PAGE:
Friday, February 19, 2016, marks the 12th anniversary of the brutal killing of Armenian military officer Gurgen Margaryan.
Margaryan was murdered by Azerbaijani officer Ramil Safarov, in the Hungarian capital city of Budapest in 2004.
The two military servicemen were attending a NATO-sponsored English-language course in Budapest. On February 19, 2004, Safarov murdered Margaryan by decapitating him with an axe. In April 2006, Safarov was found guilty of murder by the Budapest City Court, and was sentenced to life imprisonment, with the possibility of conditional release after 30 years. The court found that Safarov had intended to kill two Armenian participants at the course on the anniversary of the beginning of the conflict between Armenia and Azerbaijan over the Nagorno-Karabakh region. After the Court of Appeal upheld this judgment in February 2007, Safarov began serving his sentence in a Hungarian prison.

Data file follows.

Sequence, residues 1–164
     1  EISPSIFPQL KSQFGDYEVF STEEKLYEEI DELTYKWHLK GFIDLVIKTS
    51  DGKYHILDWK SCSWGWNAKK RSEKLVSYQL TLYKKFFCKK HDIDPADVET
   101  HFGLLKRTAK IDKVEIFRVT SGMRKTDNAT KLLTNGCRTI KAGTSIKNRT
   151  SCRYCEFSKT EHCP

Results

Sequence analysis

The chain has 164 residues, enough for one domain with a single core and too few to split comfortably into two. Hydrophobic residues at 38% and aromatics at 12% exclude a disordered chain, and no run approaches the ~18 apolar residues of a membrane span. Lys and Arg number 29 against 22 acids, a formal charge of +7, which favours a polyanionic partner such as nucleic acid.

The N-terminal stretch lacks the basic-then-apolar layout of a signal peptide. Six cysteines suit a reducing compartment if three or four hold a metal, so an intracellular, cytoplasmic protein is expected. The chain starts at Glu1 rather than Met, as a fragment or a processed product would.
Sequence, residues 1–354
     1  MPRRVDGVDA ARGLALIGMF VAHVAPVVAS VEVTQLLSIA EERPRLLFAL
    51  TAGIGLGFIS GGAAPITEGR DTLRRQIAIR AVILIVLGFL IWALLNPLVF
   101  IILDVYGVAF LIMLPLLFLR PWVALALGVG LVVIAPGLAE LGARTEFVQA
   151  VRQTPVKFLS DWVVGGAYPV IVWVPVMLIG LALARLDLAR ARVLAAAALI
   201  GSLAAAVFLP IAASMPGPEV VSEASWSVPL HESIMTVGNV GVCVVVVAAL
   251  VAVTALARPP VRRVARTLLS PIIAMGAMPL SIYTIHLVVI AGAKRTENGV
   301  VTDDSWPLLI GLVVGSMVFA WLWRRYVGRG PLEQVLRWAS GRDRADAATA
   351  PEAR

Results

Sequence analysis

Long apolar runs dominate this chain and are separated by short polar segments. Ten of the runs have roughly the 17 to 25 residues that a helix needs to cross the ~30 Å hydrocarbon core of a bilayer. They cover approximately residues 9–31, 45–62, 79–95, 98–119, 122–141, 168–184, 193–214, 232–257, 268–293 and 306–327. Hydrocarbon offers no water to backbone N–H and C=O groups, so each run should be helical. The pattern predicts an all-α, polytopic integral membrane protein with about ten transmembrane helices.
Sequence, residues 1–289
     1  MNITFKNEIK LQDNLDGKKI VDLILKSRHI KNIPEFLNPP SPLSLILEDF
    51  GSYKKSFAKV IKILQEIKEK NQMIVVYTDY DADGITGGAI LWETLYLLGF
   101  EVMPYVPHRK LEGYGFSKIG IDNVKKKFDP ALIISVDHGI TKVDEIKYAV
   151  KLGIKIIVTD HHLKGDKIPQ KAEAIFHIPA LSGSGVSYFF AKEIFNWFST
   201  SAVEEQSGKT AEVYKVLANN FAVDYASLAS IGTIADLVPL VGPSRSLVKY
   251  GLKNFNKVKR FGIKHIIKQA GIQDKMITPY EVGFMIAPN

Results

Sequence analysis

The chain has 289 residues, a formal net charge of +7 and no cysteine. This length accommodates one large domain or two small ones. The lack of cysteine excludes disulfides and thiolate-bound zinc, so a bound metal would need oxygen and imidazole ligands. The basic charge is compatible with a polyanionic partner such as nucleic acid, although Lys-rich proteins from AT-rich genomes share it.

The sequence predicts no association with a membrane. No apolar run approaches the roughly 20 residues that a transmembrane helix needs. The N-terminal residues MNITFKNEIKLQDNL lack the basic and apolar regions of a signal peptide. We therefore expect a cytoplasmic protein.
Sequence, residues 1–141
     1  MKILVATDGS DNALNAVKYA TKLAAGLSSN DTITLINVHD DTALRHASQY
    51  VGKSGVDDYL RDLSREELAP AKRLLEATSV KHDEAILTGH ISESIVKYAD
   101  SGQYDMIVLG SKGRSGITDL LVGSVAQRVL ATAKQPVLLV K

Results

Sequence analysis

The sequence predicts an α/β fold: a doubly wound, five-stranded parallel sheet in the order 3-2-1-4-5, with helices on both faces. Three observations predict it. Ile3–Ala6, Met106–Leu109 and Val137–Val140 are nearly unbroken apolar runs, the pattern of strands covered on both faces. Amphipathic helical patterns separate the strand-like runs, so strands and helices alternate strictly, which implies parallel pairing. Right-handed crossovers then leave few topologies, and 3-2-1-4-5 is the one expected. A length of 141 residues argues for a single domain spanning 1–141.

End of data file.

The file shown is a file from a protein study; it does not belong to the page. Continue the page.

In August 2012, the Hungarian Minister of Justice approved Safarov’s transfer to Azerbaijan with a view to his serving his sentence there. A few hours after, however, Safarov was transferred on August 31, 2012, he was granted a pardon by the Azerbaijani President and set free. He was also promoted to major, awarded eight years’ salary arrears, and offered an apartment.
In response to this development, Armenia suspended its diplomatic ties with Hungary.
Ramil Safarov’s pardoning was condemned by virtually all international organizations.